The only safeguard if a clinic or doctor is doing something improperly is if a patient complains to either the college or a public health agency. To their credit, both responded quickly and effectively to the problems at the Stittsville clinic.

The college is now conducting its own investigation into the clinic. In a general statement issued in the context of the Stittsville investigation, the college said it “may play an active role in ensuring the competence of physicians practicing there.”

So the public may be assured that the problems there won’t happen again. But this is reactive enforcement — couldn’t there be a more proactive approach? This could happen again at any clinic, anywhere.

Relying on patients to know when their family provider is doing something wrong is not a workable system. Regular inspections of clinics is a far better solution.


10 thoughts on “COMMENT: In aftermath of Stittsville ‘lapse’, maybe it’s time to start inspecting clinics”

  1. As a Stittsville resident I visited this clinic a couple of times in the past and I was not impressed with the quality of service, particularly of one doctor that came across as totally incompetent. Now, this news shows how ineffective the city health bureaucracy actually is. If doctors are a self regulated body, those related to that clinic should be held fully responsible, and their License to practice should be taken away. It is simply unacceptable that this clinic remains operating.

    1. Completely agreed. There is not ONE competent individual at that clinic. My self as well as my son were misdiagnosed at the clinic previously and the level of rudeness of the staff speaks to how the patients are treated from the moment they walk in to the minute they leave. The clinic should have been shut down years ago.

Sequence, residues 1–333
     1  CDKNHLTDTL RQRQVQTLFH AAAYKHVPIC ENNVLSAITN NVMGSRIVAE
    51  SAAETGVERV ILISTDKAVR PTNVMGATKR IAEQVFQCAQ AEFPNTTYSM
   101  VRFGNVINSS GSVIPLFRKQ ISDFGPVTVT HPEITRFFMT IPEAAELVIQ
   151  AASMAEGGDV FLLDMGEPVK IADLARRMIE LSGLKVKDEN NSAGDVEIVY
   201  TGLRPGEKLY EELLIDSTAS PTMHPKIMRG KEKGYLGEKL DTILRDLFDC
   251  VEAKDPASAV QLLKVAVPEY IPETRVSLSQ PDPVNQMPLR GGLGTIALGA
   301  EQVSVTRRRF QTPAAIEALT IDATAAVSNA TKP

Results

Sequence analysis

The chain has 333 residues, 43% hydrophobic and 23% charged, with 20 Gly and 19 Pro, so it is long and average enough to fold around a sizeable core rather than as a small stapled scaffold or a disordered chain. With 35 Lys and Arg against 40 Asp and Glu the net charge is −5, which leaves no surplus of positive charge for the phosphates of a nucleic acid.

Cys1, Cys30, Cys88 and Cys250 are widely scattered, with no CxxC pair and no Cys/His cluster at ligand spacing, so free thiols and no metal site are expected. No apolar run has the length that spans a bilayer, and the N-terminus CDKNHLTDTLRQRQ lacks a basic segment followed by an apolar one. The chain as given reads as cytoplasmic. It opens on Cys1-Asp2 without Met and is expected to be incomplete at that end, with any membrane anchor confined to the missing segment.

1. I disagree. The doctors have good bedside manner, they’re much faster than the AppleTree clinics, and I’ve never had a problem.

        I’ve always been friendly and courteous to them, and they’ve always been friendly and courteous to me.

        I’m guessing this story is making a mountain out of a molehill. I’m sure there were some cleanliness issues, and of course they must be addressed. But it sure looks like they’ve taken the maximum and correct precaution to ensure everyone is ok. Is everyone panicking over nothing? I’d love to know if anyone was actually infected with something as a result of these cleanliness issues. It’s been weeks and I haven’t heard anything yet.

  2. Ottawa public health is short staffed as it is even with that being a big issue public health is limited on what they can do 90% of the blame goes to Ontario.

  3. In my opinion the most concerning issue is that of reuse of single use items which I believe is also why one of my sons got a letter. I will say that I have full confidence in the competence of the doctors there.